Not sure of Aljazeera is also part of any Operation Mockingbird captalism but it does now and then have some interesting views not seen in US based controlled media:
AIPAC no match for the 'sleeping giant'
In the court of public opinion, AIPAC and other pro-Israel lobbies are losing ground.

Last updated: 21 Nov 2013 09:09

Pam Bailey

Recent surveys point to a public increasingly moving towards diplomacy rather than war [Reuters]

The absolute power of the "pro-Israel" lobby, as manifested most prominently by the US-based organisation known as AIPAC, is often cited as a truism of Western foreign policy.
However, the recent defeat of the Israel-supported push to go to war in Syria, and the US administration's continued backing of a deal with Iran on its nuclear capabilities (which Israel opposes), suggests that the pro-Israel lobby isn't as Goliath-like as perceived.
Michael Koplow, programme director of the Israel Institute, claimed in a recent blog post that "the loud insistence of 'Israel lobby truthers' that AIPAC controls US policy in the Middle East has, more than anything else, enhanced the power of pro-Israel groups by convincing a growing number of people that the mistaken perception is actually true. This in turn leads to government officials believing the hype, and thus you get the ADL and AJC (two AIPAC member organisations) invited to a private briefing at the White House…The bottom line is that Congress… is going to do what public opinion tells it to do."
While Koplow is a bit too glib in his dismissal of AIPAC money and electoral threats, his core premise is correct: When the public finally wakes up and mobilises, the lobby's vaunted power dissipates. And the pro-Israel lobby is slowly losing the battle for public legitimacy.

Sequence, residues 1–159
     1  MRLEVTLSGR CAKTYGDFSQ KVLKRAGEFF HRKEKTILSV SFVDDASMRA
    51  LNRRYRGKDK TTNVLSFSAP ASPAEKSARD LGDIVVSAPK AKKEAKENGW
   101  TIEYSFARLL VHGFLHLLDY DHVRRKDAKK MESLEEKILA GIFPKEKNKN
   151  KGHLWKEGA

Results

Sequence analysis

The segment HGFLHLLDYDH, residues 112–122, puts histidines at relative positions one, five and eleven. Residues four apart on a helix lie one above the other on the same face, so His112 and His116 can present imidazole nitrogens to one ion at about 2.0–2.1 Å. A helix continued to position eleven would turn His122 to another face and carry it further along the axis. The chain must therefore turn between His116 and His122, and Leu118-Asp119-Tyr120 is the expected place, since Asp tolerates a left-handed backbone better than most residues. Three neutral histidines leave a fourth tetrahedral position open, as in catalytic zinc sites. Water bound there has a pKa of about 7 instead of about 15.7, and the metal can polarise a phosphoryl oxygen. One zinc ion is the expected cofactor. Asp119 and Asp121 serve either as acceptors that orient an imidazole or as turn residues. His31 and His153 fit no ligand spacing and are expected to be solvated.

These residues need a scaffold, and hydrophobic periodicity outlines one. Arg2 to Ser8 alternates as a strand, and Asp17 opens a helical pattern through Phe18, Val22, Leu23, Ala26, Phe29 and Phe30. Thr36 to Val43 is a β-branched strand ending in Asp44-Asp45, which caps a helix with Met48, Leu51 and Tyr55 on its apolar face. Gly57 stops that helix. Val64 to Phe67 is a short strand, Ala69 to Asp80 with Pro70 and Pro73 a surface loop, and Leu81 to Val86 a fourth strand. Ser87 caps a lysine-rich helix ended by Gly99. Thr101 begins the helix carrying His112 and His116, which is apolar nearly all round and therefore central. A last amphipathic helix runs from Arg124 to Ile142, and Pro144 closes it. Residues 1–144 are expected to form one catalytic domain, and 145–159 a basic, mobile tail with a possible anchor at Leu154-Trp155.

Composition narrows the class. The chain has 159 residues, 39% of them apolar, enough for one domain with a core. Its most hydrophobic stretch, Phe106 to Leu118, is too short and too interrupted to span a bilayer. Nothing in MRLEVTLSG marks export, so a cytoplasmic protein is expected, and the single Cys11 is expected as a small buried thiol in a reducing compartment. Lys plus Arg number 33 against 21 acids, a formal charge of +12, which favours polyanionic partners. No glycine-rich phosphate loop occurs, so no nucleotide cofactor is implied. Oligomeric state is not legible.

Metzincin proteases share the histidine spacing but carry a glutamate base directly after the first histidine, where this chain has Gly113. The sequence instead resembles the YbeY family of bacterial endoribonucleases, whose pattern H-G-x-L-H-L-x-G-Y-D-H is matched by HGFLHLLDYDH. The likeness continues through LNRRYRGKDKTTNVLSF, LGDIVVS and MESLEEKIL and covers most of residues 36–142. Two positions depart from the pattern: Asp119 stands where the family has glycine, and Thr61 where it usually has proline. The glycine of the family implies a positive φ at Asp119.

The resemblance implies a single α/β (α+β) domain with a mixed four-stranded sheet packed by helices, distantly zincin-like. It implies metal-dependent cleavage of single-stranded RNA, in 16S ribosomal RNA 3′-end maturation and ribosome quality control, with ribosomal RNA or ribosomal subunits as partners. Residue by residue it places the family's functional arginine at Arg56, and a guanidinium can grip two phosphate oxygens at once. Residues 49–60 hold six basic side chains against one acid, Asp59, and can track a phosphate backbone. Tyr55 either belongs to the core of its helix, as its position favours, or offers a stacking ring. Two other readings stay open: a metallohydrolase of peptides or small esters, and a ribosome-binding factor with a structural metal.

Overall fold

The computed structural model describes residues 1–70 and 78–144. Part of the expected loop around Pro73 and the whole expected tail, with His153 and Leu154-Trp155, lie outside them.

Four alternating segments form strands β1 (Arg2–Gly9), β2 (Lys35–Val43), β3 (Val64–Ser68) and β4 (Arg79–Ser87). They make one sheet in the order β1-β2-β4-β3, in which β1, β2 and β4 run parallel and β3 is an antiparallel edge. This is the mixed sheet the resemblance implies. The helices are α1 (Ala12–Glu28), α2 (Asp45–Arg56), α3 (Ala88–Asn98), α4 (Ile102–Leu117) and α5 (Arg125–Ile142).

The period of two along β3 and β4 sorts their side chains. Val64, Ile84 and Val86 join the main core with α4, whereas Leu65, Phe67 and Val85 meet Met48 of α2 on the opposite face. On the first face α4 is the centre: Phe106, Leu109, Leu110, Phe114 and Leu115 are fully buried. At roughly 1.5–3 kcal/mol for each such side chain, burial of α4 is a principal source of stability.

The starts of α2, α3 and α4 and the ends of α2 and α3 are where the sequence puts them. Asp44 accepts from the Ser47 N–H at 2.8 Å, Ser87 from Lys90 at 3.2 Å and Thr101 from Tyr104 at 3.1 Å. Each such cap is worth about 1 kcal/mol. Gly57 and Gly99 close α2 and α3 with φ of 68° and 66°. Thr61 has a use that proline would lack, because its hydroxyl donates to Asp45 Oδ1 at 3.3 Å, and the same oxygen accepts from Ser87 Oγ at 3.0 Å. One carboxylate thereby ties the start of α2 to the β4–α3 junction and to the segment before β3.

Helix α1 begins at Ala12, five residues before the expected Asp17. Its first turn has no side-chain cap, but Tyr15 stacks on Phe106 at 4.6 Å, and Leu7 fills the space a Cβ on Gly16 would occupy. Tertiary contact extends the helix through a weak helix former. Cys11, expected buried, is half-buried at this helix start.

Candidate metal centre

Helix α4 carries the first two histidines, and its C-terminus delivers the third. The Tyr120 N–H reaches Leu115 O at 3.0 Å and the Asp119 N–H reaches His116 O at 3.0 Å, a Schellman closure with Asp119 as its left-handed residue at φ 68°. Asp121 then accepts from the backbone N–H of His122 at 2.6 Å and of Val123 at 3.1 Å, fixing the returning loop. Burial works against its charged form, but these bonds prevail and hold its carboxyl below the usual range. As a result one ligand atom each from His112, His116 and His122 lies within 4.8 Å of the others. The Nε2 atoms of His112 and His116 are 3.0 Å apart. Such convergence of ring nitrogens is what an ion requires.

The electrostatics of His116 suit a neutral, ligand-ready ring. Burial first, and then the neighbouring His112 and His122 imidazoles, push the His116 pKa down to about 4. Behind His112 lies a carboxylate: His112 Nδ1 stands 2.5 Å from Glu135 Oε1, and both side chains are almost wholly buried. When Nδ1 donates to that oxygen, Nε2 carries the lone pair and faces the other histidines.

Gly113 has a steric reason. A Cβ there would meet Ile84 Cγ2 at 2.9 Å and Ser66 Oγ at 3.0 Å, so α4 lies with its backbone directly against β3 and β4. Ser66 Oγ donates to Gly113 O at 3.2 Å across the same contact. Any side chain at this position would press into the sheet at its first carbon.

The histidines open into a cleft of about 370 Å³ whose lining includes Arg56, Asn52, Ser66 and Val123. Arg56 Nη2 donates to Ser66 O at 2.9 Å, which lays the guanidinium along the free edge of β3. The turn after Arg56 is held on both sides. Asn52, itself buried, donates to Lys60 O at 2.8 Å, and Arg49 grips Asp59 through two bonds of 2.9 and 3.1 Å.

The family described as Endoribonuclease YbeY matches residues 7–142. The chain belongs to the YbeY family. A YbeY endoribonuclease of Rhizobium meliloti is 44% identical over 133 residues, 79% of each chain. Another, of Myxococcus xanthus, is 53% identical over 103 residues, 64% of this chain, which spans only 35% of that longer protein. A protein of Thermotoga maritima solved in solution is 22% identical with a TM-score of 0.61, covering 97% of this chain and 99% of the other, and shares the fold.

The lesson of Syria
On its website, during the debate over whether to bomb Syria as punishment for its suspected use of chemical weapons, AIPAC stated: "The civilised world cannot tolerate the use of these barbaric weapons…[T]his is a critical moment when America must also send a forceful message of resolve to Iran and Hezbollah." The organisation went on to insist that the bombing of Syria is a "critical decision" that if not enacted would "greatly endanger our country's security and interests and those of our regional allies".
However, most Americans were staunchly opposed to military intervention in Syria, with a CNN poll showing that even though eight in 10 believed Bashar al-Assad's regime gassed its own people, a strong majority did not support a retaliatory military strike.
Max Fisher, foreign affairs blogger for The Washington Post - not known for its progressive reporting when it comes to Israel, concluded: "It was a rare public test of AIPAC's ability to shape US foreign policy and it flunked."
Unfolding debate on Iran
Some observers argue that the pro-Israel lobby's loss in the Syria debate is limited to that issue, and will have no bearing on the outcome of the P5+1 (United States, Russia, China, France, UK and Germany) negotiations with Iran over its nuclear status.
I believe that if we do not resolve the issues between Palestinians and Israelis, if we do not find a way to find peace, there will be an increasing isolation of Israel, there will be an increasing campaign of de-legitimisation of Israel that's been taking place on an international basis,
-US Secretary of State John Kerry

Israel has made its position chillingly clear. According to The Times of Israel, a member of the national parliament telephoned French Foreign Minister Laurent Fabius to warn him that Israeli Prime Minister Benjamin Netanyahu would attack Iran's nuclear facilities if the P5+1 nations do not stiffen their terms on a deal with Iran. "I know [Netanyahu]," the French MP, Meyer Habib, reportedly told Fabius. "If you don't toughen your positions, Netanyahu will attack Iran... You have to toughen your positions in order to prevent war."
If that isn't blackmail, what is? But will it work?
Public-opinion polls show that more than 75 percent of Americans favour direct diplomatic negotiations with Iran, and although most (58 percent) won't take military action off the table to prevent Iran from deploying a nuclear weapon, 80 percent believe the current threat can be contained without force. Clearly, public opinion - in the US at least - is on the side of dialogue.